Every HR practitioner knows that every penny counts – whether for a new benefit, a salary increase or employee engagement tactics.
So, when you’re asking for money – especially for an increased employee engagement budget – you need to be very persuasive, ensuring that your arguments are strong and well-evidenced.
With 20 years in HR operations, I’ve had quite a bit of practice pitching my leadership team on employee engagement investments. Here are the two major questions I’ve been asked, and how you can prepare for them:
Question One: Where did the money I gave you go?
No finance director will agree to additional funds without knowing where you’ve spent your previous budget. Give as many details as possible about where you spent your money before, keeping the following key questions in mind:
Were you under or over budget overall for this and in the HR budget(s) overall?
Have you published any success stories for employee engagement events that you can use to support this year’s plans?
Question Two: What are your objectives?
Your business objectives need to show a clear need for a bigger employee engagement budget. We’ve talked a lot about the importance of objectives, and how they should always align to your overall business goals. That’s the way to get your leadership team to pay attention. Here are some examples of clearly defined objectives.
Objective: Extend the reach of your benefits spend.
Solution: Consider employee engagement solutions that give your staff far more money in savings than you would be able to give as a pay rise. Discounts programs are especially useful as they amplify spending for your lowest earning staff the most, as the savings from discount programs can be even better than a pay raise for them (and for your company’s bottom line!).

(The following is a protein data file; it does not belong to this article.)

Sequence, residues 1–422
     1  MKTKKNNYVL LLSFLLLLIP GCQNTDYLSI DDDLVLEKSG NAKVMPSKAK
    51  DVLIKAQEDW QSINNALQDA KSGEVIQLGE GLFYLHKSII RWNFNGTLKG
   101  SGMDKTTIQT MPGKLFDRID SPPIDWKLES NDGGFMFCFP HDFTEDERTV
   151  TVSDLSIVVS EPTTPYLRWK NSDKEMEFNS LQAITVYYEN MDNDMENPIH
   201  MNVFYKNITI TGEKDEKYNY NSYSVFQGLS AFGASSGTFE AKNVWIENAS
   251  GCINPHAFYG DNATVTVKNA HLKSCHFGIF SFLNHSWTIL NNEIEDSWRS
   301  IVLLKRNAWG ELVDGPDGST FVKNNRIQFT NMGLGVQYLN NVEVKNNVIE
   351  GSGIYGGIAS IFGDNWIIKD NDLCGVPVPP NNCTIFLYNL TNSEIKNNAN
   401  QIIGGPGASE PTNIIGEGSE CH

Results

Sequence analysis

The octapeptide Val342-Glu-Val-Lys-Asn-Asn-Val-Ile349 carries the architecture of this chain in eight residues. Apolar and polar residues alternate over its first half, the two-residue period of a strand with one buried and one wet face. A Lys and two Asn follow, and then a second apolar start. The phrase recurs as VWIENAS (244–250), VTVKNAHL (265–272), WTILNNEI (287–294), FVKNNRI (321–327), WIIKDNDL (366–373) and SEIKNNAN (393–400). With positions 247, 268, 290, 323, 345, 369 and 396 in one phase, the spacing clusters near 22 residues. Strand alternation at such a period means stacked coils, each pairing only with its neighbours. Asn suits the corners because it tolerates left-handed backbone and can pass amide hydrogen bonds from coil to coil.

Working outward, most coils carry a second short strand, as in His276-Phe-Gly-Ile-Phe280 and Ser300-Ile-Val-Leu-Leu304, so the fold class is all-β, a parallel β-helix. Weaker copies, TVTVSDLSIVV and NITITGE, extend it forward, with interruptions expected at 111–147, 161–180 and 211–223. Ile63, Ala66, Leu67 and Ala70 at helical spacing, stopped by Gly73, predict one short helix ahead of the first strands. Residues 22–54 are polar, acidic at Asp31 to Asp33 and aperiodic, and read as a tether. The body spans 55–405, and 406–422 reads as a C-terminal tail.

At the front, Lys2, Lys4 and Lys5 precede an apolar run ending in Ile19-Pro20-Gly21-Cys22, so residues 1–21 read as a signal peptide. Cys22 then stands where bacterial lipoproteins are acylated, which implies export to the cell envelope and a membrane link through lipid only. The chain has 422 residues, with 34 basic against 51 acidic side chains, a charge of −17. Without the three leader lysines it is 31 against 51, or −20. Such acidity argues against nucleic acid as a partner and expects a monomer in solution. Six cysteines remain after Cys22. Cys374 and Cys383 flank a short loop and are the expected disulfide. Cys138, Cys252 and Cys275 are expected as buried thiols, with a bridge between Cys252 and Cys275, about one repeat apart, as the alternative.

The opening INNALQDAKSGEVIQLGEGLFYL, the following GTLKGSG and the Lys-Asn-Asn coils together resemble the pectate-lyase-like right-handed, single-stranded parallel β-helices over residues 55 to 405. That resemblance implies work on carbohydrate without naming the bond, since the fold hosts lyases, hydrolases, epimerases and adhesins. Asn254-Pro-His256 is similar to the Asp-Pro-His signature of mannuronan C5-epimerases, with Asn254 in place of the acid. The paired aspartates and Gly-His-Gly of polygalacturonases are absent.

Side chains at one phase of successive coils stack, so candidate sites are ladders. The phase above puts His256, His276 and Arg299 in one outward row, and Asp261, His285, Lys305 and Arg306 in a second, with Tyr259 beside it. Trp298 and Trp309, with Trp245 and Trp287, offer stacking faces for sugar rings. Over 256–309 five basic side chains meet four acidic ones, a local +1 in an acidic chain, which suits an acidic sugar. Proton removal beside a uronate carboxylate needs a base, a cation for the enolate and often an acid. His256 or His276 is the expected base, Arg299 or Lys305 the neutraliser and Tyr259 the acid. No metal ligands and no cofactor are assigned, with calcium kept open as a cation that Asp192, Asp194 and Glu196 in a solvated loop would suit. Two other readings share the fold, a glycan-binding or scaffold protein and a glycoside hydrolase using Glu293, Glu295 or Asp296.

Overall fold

Once your budget is approved and the plans are underway there are a few things that are really vital to do during the year, these include:
Speak up: Talk to your Leadership team on a regular basis with scheduled updates on your projects and make sure your plans are relevant to their business goals
Start measuring: Gather a ton of data on all of your activities, especially employee feedback, which can help you make the case for next year’s budget
Work with your communications gurus: Reach out to your internal communications team on how to get the word out about your projects. If you do not have an internal communications person point person, work out who on your HR team can take on this task. After all, projects aren’t worth doing if no one knows about them.
Be flexible: Refine your plan as you go along, make sure that what you planned to do is what you you need to do now — do not be afraid to change course if the outcome will be even better
What if you can't have it all?
All plans need to have a backup or a Plan B. And for your employee engagement budget you need to work out what is your must-dos, the things that are absolutely vital, the items which can be adjusted with maybe a smaller budget and lastly those things which if pushed you could maybe do next year. The simplest way is to list them in priority order from top to bottom.
Once you have your budget you can then work out which items get done and which do not, but if you really want to plan ahead you can do this in advance. This means that the decision-making and hard choices are done, and the budget allocation is just drawing a line on the to do list as to what you will and will not do.
A checklist for success
This simple checklist will help you to make a strong case for a bigger employee engagement budget. Make sure you have prepared answers to all of the following questions before requesting the increase:
Where you are spending the money?
How you are spending the money?
What are the business issues it will solve, or help to solve?
What is the ROI from the spending?
What value HR will receive from it?
What savings will be made due to the impact of a bigger engagement budget?
This checklist focuses on three key areas: impact, ROI and value. By following it, your plans will have a greater chance of being approved by the business.